papistical


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Related to papistical: Jesuitically
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Adj.1.papistical - of or relating to or supporting Romanism; "the Roman Catholic Church"
Based on WordNet 3.0, Farlex clipart collection. © 2003-2012 Princeton University, Farlex Inc.
References in classic literature ?
This son of a Scotch tyrant--this grandson of a Papistical and adulterous Scotch woman, whose death proved that a golden crown doth not always save an anointed head from the block--"
But even the novelty and painfulness of his going to a Papistical land could no displace for long Mr and Mrs Clare's natural interest in their son's marriage.
This dignitary, conferring in secrecy with John Rokesmith on the subject of punch and wines, bent his head as though stooping to the Papistical practice of receiving auricular confession.
A throwback to a period of feudal allegiance--or as his wife (known as "the Leddy") puts it, the "papistical and paternostering" times--Claud's goal places an inappropriate historical burden upon the commercial environment of modernizing Scotland (259).
(74) The Prerogative of Primogeniture: Shewing that the Right of Succession to an Hereditary Empire, depends not upon Grace, etc., but only upon Birth-Right: In addition, that the chief Cause of all, or most Rebellions in Christendom, is a Papistical and Fanatical belief, that temporal Dominion is founded on Grace: Written on Occasion of the Czar of Muscovys Reasons in his late Manifesto for the Disherison of his Eldest son, from the succession of the Crown (London: Boreham, 1718).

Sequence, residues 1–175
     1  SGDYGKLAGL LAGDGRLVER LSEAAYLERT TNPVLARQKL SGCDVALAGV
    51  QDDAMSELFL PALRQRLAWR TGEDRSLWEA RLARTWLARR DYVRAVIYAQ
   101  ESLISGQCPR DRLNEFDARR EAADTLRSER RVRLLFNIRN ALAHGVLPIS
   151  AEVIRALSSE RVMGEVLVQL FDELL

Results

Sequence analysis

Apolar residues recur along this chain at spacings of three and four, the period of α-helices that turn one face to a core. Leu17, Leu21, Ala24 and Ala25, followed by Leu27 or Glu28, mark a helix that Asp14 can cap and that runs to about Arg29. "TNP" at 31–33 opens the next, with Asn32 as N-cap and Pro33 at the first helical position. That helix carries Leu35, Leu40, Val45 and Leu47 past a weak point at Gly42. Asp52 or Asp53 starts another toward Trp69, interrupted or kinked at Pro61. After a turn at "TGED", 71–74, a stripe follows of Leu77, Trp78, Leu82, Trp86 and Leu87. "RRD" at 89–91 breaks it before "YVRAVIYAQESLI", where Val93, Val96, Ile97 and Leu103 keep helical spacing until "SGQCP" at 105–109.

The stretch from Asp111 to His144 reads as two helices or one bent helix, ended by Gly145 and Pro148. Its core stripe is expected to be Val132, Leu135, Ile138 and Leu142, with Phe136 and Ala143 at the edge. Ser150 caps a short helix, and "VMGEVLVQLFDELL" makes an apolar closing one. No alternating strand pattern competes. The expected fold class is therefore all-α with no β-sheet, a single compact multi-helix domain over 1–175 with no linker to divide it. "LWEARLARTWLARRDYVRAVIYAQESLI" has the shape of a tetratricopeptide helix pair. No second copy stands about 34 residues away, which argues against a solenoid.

of old A minister was slain because, Royalists allege, he shouted "that the King was a perjured, Papistical king".
In fact, not one but two nineteenth-century memoranda pasted into the book explicitly point out what one calls "the angry papistical note on fo.
The viewer (Ruskin) changes from critic to worshipper despite his usual distaste for "papistical" practices.
The second part of the tract is an analysis of the four counter-arguments made by those who have promoted and maintained female rule: the examples of Deborah and Hulda, (2) the example of the "doughters of Zalphead" who were successful in claiming their father's inheritance (Joshua 17), the consent of the estates, and, finally, long custom "together with some Papistical lawes" (402).
(7) In a verse epistle, An Answer to a Papistical Exhortation, Bale replies to a papist attack by comparing the papist's poetic powers to those of a peddler: "Everye pylde pedlar / Wyll be a medlar / Though ther wyttes be drowsye / And the lernynge lowsyd' (An answere to a papystycall exhortacyon [Antwerp: S.